Beverly Glenn-Copeland – Transmissions (Transgressions).
Is it a comeback story if no one knew who you were? Are you a late bloomer if you've been performing for 50 years? No, the incredible story of Beverly Glenn-Copeland is one of a new generation's discovery of the right artist at the right time and place.
Here's the short version of the story: a Philadelphia woman attends McGill as one of the first black students and certainly one of the only out lesbians there at the time, records two self-titled albums: one for the CBC in 1970 and one the next year with some of the top players in Canada, including guitarist Lenny Breau, and recorded by future Rush producer Terry Brown. Does some session work, including with Bruce Cockburn in 1980-81 (among other things, on the phenomenal "Tokyo," one of the greatest singles by Cockburn—or anyone), and lands a 25-year gig on Mr. Dressup. Moves to the woods near Huntsville, Ontario, in the 1980s, discovers early computer music software and releases Keyboard Fantasies in 1986, selling only 50 copies on cassette. Lived a life of obscurity for decades, identified as trans in 2002, and through a weird fluke and Japanese interest in Keyboard Fantasies, ended up becoming a minor underground sensation in the late 2010s, sparking a documentary, tributes, and international gigs and press. That all leads to this career-spanning compilation.
Among others, a really lovely long-form profile ran in the New Republic.
Before Copeland's renaissance, I was aware of the name, if only because I'm the kind of nerd who reads Bruce Cockburn liner notes. I inherited a bunch of '70s vinyl years ago from a family friend, which included Copeland's second album. It didn't do anything for me when I got it, nor when I revisited it over the years: it's lovely but very earnest folk-jazz that I pegged as a post-Yorkville curiosity. Likewise, when Keyboard Fantasies was first re-released, I listened and heard only the kind of '80s new age that seemed oddly in vogue with people 20 years younger than me, and I was mystified. For all I knew, which was not much, this story could be the new "Lewis"—and if you know that somewhat regrettable obscure Canadian reference, more power to you. As Copeland's profile increased, I didn't pay much attention.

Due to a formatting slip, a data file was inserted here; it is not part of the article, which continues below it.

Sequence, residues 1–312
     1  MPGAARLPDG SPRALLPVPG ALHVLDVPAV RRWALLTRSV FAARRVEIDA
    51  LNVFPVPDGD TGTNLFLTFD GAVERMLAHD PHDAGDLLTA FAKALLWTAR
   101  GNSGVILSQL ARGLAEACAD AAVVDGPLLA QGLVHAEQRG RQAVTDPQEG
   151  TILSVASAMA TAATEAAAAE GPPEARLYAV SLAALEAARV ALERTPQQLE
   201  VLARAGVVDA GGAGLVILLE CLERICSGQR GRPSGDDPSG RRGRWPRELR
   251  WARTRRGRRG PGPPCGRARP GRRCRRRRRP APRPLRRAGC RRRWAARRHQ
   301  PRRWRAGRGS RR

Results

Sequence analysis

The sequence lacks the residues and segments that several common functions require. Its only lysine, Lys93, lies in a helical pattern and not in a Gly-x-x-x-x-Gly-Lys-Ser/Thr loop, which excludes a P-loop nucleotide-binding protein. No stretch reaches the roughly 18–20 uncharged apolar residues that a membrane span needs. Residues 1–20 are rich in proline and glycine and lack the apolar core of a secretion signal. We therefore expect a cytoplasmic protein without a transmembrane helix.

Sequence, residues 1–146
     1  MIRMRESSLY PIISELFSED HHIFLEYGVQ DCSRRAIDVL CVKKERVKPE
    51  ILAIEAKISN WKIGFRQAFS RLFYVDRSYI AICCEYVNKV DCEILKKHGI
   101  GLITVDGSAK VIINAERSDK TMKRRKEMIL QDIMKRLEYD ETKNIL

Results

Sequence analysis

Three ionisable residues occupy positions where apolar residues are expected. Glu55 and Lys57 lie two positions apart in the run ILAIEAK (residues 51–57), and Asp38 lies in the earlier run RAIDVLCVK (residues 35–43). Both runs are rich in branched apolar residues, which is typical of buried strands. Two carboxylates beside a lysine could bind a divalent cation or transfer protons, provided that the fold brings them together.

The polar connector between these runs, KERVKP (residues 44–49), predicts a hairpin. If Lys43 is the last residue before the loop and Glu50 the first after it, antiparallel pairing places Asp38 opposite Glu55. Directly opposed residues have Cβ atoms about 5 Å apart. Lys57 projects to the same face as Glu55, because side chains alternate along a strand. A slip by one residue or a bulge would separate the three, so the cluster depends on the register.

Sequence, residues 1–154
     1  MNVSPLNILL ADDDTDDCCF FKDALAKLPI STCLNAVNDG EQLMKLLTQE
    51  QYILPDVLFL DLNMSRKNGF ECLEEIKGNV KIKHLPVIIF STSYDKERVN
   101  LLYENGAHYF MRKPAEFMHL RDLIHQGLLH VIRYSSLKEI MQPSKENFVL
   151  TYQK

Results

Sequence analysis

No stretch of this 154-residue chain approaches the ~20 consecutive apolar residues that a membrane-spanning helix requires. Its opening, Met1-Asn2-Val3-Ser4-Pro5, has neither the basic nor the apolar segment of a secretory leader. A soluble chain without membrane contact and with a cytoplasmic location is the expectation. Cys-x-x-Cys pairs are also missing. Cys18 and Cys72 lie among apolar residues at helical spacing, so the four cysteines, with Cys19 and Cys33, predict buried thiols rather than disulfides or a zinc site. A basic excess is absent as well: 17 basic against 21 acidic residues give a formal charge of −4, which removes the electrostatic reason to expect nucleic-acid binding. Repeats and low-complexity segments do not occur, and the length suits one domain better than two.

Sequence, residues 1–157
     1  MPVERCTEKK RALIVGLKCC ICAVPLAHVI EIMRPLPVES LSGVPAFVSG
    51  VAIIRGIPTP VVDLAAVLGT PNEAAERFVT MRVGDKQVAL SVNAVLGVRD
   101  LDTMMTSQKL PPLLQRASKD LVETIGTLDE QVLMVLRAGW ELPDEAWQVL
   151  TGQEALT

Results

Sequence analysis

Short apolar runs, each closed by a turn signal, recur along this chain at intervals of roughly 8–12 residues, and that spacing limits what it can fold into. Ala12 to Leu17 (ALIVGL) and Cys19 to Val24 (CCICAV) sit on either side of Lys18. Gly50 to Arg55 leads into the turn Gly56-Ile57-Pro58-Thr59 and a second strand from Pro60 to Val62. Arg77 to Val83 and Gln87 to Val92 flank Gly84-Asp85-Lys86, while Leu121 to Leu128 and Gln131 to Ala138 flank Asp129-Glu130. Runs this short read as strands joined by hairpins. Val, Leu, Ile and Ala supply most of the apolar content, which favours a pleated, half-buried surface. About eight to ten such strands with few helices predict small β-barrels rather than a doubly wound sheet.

This brief yet comprehensive compilation, however, is a game-changer, and the strongest testament yet as to why Copeland deserves to be heard. First, is the voice: rich with operatic gospel tones, seemingly effortless and never show-offy. It's such a beautiful and warm instrument. With that comes a sheer force of personality that carries the listener through those Joni-esque early folk recordings to the lilting '80s synth lullabies of "Ever New" to the trip-hop of opening track "La Vita" to more recent recordings, including a rousing singalong version of "Deep River" recorded in the Netherlands.
That's why this compilation works so well: by spanning such a broad stretch of time, the track list's musical diversity reveals a complete portrait of a complex artist. Whereas certain albums sound dated as a whole, individual tracks illuminate steps in a journey (and I now love the two tracks here from Keyboard Fantasies). Without this curatorial vision, would I ever have become enraptured by the world of Beverly Glenn-Copeland? Possibly, if I had the chance to see him perform live, or finally got around to watching the doc (which I haven't yet). But this comp is revelatory and endlessly rewarding.
This week, the Polaris Heritage Music Prize inducted three records: Buffy Sainte-Marie's It's My Way, Main Source's Breaking Atoms—both selected by a jury of critics—and Keyboard Fantasies, which won the public vote. All three choices seem rooted in a deliberate attempt to broaden the Canadian canon, which thrills me to no end (I say this having been a founding juror in 2015, when I considered it part of the mandate). But I'm always skeptical of public votes on prizes, because it's all too easy for an artist's fan base to vote early and vote often, so depending on the rabidity of the fan base (Rush) and the hustle chutzpah of the artist (Peaches), it can be relatively easy to win (not that either of those two didn't deserve it; they did).
But how the hell did Beverly Glenn-Copeland win the public vote? There's no marketing machine there. It's not a nostalgic favourite; the album only became widely available relatively recently—an album, I'll remind you, that only sold 50 copies the first time around. And finally, two years ago the number of people who knew his name probably numbered in the low hundreds. From total obscurity to winning a public vote previously won by Neil Young, Arcade Fire and Alanis Morrisette—that's quite a leap.
It says a lot that this music, this man, strikes such a chord right here, right now, with healing music in a world of pain.
Runners-up for best 2020 reissue:
Prince – Sign O the Times (Warner). I mean, come on. On the one hand, it presents a good argument for record company interference: the 1987 double album is flawless; a triple album would not have been. But the "fat" sure is fascinating, even if we've already heard the best tracks trickle out over the years (and the mythical Miles Davis collab is not one of them).
Pylon – Box (New West). I'm not a big enough fan that the B-sides and early demos mean a lot to me, but the fact that the first two records, from 1980 and 1981—the missing link between the B-52s and R.E.M. in the lore of Athens, Ga.—are once again widely available is thrilling enough. The band that once blew away Gang of Four and turned down a tour with early U2 can now once again prove what all the fuss was about. Still pinching myself over the fact that I got to see the Pylon Re-Enactment Society perform at a street festival in Athens last year, a teenage dream come true. Only question: where is 1990's Chain, the record they made after R.E.M. lured them out of retirement?